In the 2012 state elections, some blue states got bluer and some red states got redder. The result is unified control, as The New York Times reports:
Though the Nov. 6 election maintained divided government in Washington, the picture is starkly different in capitals from California to Florida: one party will hold the governor’s office and majorities in both legislative chambers in at least 37 states, the largest number in 60 years and a significant jump from even two years ago.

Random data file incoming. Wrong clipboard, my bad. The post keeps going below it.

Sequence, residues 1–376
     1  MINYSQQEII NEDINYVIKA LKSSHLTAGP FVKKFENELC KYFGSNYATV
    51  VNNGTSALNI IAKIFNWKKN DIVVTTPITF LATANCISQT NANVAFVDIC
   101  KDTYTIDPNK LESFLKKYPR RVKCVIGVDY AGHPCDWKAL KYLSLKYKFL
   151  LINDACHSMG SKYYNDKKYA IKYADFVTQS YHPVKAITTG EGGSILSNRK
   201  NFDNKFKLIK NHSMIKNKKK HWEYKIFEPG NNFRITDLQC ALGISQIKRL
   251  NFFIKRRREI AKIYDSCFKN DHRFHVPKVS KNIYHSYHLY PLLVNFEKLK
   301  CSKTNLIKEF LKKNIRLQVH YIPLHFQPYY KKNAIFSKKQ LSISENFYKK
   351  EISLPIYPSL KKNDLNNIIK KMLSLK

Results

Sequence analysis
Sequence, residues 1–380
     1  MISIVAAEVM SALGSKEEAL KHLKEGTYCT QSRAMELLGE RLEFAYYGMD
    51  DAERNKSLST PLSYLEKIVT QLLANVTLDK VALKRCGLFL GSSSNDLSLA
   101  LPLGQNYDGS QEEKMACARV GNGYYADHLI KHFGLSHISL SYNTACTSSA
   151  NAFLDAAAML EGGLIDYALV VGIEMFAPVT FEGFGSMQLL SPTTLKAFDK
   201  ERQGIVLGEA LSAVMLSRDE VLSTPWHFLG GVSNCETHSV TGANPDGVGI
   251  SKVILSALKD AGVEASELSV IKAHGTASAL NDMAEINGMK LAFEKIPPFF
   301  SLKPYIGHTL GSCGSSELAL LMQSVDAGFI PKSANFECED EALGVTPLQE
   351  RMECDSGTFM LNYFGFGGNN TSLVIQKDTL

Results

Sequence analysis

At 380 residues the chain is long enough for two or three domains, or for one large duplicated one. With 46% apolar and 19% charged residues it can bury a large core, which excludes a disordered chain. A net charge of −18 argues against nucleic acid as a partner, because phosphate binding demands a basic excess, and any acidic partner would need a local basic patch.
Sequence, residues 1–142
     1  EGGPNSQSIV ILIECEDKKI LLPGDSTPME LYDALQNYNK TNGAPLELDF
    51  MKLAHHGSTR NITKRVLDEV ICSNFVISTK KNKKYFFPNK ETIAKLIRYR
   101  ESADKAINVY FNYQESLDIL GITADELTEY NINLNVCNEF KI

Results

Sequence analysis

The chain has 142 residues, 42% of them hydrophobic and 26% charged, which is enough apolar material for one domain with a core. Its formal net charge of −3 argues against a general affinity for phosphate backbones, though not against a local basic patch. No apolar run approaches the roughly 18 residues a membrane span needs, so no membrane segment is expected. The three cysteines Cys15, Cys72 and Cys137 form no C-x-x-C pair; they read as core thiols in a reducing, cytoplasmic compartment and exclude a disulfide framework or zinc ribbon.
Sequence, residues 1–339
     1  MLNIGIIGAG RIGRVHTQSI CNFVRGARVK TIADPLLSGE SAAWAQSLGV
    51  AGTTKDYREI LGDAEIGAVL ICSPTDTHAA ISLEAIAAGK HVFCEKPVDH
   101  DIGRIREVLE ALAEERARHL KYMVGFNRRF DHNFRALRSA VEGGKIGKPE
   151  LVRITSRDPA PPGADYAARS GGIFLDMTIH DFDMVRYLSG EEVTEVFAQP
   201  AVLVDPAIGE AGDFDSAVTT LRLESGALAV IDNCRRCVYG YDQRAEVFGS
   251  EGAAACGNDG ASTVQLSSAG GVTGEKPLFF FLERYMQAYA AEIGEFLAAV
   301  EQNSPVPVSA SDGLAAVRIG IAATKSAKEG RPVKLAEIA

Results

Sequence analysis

Twenty-four states will be controlled by Republicans, including Alaska and Wisconsin, where the party took the State Senate, and North Carolina, where the governorship changed hands. At least 13 states will be Democratic, including Colorado, Minnesota and Oregon, where control of the legislatures shifted, and California, where the already dominant Democrats gained a supermajority in both chambers. (The situation in New York, where the potential for single-party control by the Democrats rests on the makeup of the Senate, is still uncertain.)
Power will be split in, at most, 12 capitals — the fewest, said Tim Storey of the National Conference of State Legislatures, since 1952.